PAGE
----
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Re: Model T fan assembly

Post by James_Lyons-WV » Mon Apr 01, 2019 5:47 am

My unrestored 1915 touring is a very early transition car (jan 15). It does not have the spring bump.

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Re: Model T fan assembly

Post by Mark Gregush » Mon Apr 01, 2019 10:40 am

The bent arm was used into 1916 with the brass radiator. The riveted fan blades and steel hub with replaceable bushings was used 1917 to 1920.
https://www.modeltford.com/item/3974-4A.aspx
Before 1917 the hub was brass with no replaceable bushings.
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Re: Model T fan assembly

Post by Kerry » Mon Apr 01, 2019 5:04 pm

I usually find the encyclopedia's information a little more factual than that of the parts vendors descriptions.


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Re: Model T fan assembly

Post by Tmodelt » Mon Apr 01, 2019 6:10 pm

The fan is riveted onto a brass hub/flange. It is the only one that I have run across like this as I am into the "new/modern" Model Ts.

All 3 of mine would be considered "Frankenstein" cars. I was recently informed that my 23 Roadster had incorrect wheels and tires.

My 26 Boattail will make every purist cringe. Low radiator, Chevy OHV, Model A wire wheels, pressurized oil system, twin downdraft V8 carbs, 12 forward speeds and lowered 7 inches.


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Re: Model T fan assembly

Post by Allan » Tue Apr 02, 2019 6:42 am

As others have indicated, the lack of spring boss puts the arm at the later end of the time frame. The depth of the ribs in the blades also takes it out of the early time bracket. The 09-12 ,and perhaps later, fan blades have a much deeper and more well defined ribs pressed into the blades.

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Re: Model T fan assembly

Post by Terry_007 » Wed Apr 03, 2019 3:40 pm

The brass hub fans sufffer from a couple of problems - first there should be a slight crown on the brass hub itself, and those are often worn off to a near flat surface completely around the circumference of the bub. The second problem tends to be the bushing in the hub itself. While the can be rebushed, it still rides on the iron shaft. Thast's why the grease fitting was there-to keep that shaft lubricated. Most everybody I know who runs their cars uses the upgraded fan assembly with bearings instead of just a bushing. Runs smooth and doesn't need much attention. My old fan has been a wall-hanger for many years now.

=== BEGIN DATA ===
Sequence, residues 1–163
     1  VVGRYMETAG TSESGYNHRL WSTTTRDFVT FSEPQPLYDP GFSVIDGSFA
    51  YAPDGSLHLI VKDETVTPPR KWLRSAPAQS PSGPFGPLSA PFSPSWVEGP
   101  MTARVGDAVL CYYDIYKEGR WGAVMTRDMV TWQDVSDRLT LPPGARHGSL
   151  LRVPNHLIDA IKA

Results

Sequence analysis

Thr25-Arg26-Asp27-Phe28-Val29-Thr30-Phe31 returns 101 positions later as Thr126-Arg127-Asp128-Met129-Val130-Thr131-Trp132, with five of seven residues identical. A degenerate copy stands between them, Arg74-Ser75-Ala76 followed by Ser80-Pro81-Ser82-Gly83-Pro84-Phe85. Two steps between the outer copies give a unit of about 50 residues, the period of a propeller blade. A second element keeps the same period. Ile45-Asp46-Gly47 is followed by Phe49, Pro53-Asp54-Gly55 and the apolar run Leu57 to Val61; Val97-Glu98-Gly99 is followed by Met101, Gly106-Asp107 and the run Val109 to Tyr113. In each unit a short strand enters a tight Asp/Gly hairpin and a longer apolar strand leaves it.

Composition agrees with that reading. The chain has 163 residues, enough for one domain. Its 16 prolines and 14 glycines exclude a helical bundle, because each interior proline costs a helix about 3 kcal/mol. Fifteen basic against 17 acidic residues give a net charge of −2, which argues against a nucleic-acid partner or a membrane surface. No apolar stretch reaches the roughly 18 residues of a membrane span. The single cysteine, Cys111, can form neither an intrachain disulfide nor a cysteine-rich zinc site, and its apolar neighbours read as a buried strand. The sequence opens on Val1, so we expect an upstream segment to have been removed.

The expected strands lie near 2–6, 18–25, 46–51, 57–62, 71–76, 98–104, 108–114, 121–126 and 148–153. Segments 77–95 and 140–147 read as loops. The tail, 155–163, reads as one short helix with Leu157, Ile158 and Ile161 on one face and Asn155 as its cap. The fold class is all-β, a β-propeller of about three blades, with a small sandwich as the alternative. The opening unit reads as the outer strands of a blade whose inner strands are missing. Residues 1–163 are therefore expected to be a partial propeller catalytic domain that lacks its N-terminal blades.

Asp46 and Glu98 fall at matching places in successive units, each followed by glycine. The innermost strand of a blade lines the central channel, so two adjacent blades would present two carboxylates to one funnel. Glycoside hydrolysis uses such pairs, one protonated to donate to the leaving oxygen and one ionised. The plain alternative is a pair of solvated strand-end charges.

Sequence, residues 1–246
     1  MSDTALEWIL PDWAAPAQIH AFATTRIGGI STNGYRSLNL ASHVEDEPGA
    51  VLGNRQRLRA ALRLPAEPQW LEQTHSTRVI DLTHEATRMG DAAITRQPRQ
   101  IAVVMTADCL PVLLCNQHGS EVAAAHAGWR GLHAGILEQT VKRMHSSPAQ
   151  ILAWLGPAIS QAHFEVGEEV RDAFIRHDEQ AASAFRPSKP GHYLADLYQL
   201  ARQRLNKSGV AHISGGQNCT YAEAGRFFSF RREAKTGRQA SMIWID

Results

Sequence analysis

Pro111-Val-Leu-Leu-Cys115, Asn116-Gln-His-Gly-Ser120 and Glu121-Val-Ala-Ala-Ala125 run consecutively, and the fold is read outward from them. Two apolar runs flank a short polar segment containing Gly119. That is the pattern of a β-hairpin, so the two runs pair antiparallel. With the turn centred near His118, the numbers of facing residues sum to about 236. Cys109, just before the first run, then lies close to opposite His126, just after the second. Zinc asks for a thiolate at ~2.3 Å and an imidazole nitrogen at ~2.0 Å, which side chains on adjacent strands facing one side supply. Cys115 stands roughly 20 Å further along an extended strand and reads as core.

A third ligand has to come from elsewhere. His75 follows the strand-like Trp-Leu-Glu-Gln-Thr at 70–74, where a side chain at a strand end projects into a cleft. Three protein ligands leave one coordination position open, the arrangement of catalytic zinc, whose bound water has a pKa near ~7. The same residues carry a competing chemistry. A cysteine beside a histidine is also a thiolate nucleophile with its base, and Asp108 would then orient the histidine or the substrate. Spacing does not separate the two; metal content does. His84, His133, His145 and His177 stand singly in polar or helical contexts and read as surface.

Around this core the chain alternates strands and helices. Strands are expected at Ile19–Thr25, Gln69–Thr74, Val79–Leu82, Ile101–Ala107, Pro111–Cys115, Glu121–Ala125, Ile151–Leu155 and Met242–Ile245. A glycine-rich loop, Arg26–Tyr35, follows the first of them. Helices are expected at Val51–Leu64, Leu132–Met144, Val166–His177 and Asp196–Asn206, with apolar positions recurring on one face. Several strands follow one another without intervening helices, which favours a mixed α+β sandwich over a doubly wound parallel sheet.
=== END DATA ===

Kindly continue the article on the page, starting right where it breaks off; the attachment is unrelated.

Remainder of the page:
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Re: Model T fan assembly

Post by Scott_Conger » Wed Apr 03, 2019 4:55 pm

As an aside, the bronze fan hub can be rebushed, though it is a labor of love. Of the ones I've done, the soldered in rear bushing is usually badly off center relative to the soldered face and the hub sometimes only has a partially machined receiving surface and is often still raw casting. I have yet to figure out exactly how they assembled/machined them, but it certainly appears that the machining occured after the parts were soldered together, leaving no obvious datum for repair. It's all but mandatory to match mark the rear bushing to the hub prior to removal, or the thing will never be right again.

As far as ball bearing vs greased bronze, I have no dog in that fight, but can say that the greased bronze will run many, many miles if serviced properly. Of my 4 cars, two take grease, one takes oil, and one has been updated with ball bearings, just for my own curiosity. The ball bearing hub that I received had slop along the spin axis that required a spacer to keep from clanging back and forth along the shaft, and had no distance piece between the bearings which is highly desireable on an assembly like this. Without one, it is impossible to get correct preload on the bearings. I remedied both situations.

For folks who do not know what preload is or wonder what it accomplishes: https://www.bearingtips.com/preload-nec ... lications/